National group meets in Pittsburgh

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Black Catholic administrators share ways to enhance ministry

Phil Taylor
Associate Editor

The National Association for Black Catholic Administrators was recently in Pittsburgh for its annual meeting.

The group, which consists of various directors of diocesan and archdiocesan offices that deal with black Catholic ministries, met Sept. 21-24 at the Radisson Greentree Hotel. Some directors have a dual role and are responsible for the church's ministry with other ethnic communities.

While in Pittsburgh, the administrators had the opportunity to attend a morning liturgy offered by Bishop David Zubik Sept. 22 at the hotel. Afterward, they had a brief opportunity to meet the bishop.

The administrators discuss at their yearly meeting efforts in their respective dioceses and ways to better enhance their ministry under the leadership of their bishops.

Representatives from Connecticut, Illinois, Texas and Washington, D.C., as well as other states, were on hand.

"We act as representatives, as a body, of over 2 million black Catholics," said Deacon Arthur Miller, association president, who directs the Office for Black Catholic Ministries in Bloomfield, Conn.

He said the meetings are an opportunity to discuss and share with other directors and get a feel for what's being said and going on in the national black Catholic community.

Greta Stokes Tucker, who directs the Pittsburgh Diocese's Department for Black Catholics, Ethnic and Cultural Communities, said the group discussed several topics at the meeting, including evangelization, poverty (from the view of U.S. bishops), vocations, marriage and the sacramental nature of the family.

"Evangelization is always discussed. It is a 'thread' in all our offices," said Tucker, who noted that sharing the faith is emphasized at every level of ministry to the African-American community. NABCA also has its own evangelization committee.

Deacon Miller said black Catholics make their own gift to the diversity and universality of the church by enhancing it.

"Because we exist, our Catholic Church needs us to be us, and so the church is alive simply because we are. We are bound by our obligations, we are bound by our obligations as Catholics to keep the church alive," the deacon said.

Tucker and Deacon Miller view poverty in America as a human life issue.

"We see that in our parishes, we see it in our food banks," she said.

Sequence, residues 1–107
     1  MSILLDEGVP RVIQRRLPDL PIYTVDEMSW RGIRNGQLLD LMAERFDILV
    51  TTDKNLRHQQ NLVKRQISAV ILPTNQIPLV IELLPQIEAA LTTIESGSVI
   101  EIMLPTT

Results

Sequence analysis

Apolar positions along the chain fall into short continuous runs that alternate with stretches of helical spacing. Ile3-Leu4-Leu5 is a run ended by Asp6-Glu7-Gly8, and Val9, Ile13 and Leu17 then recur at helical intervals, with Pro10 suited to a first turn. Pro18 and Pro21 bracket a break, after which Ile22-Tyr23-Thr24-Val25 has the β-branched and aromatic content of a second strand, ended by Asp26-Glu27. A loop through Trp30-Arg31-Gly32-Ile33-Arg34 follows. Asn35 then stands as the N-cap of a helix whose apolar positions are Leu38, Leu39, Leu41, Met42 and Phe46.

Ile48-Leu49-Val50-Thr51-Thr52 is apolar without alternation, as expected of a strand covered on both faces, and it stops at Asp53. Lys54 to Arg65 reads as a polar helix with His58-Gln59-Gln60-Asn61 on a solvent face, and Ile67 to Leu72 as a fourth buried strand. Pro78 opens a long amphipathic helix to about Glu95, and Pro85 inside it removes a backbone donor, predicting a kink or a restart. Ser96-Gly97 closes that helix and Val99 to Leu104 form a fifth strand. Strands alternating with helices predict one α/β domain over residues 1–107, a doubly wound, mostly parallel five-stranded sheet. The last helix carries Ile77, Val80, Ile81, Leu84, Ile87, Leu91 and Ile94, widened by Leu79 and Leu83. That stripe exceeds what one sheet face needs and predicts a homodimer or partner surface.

"Now is the time to keep our eyes open. Unstop our ears, speak with and for those who have no voice. We prayed together as well as posed those important questions about evangelization in the African-American community. We must continue to put the needs of the poor first on our agendas," said Sister of St. Mary of Namur Roberta Fulton, who is with the National Black Sisters' Conference. The conference is affiliated with NABCA.

According to Tucker, most NABCA administrators maintain contact with local and national groups with similar purposes and goals, including the National Black Catholic Congress and The Congress Inter-Regional African American Catholic Evangelization Conference.

Deacon Miller, who serves on a national board that examines health care disparities in America, said African-Americans suffer disproportionately in many areas, including poverty, unemployment (the national average is 9 percent, 14.8 percent among U.S. blacks), health care, crime and violence, and education.

Referring to those issues as "plagues" affecting African-Americans, Deacon Miller said, "We recognize that we have to lift up the entire community when we evangelize."

Originally from Chicago, Deacon Miller said he went to school with Emmet Till, the 14-year-old who was brutally murdered in 1955 while visiting relatives in the South. The teen's "crime" was talking and maybe even whistling at a white woman in a grocery store. His mutilated body was later recovered from the Tallahatchie River near Money, Miss.

The cruelty of the killing struck a chord across the nation, and the national media picked up the story. Some believe this horrific death helped spark the civil rights movement.

Deacon Miller said his brother shared a class with Till, and his murder greatly affected him.

The deacon said that many young men and women, particularly minorities, are continually attracted to the church for its social justice stands, just as he was. Some, he said, want to be on the front lines of the church in working to better serve their communities.

"They are drawn to social justice. They're burning up with the Holy Spirit, they want to act," Deacon Miller said.

But he said when it comes to church vocations among men and women of color he admits that nationally "We are way behind."

The administrators also participated in a "sweat equity" experience at Corpus Christi Church, which is part of St. Charles Lwanga Parish in Pittsburgh's East End.

"Together with the parishioners, we revived the physical and spiritual beauty of this house of God. I left there feeling the presence of the Lord," said Sister Roberta.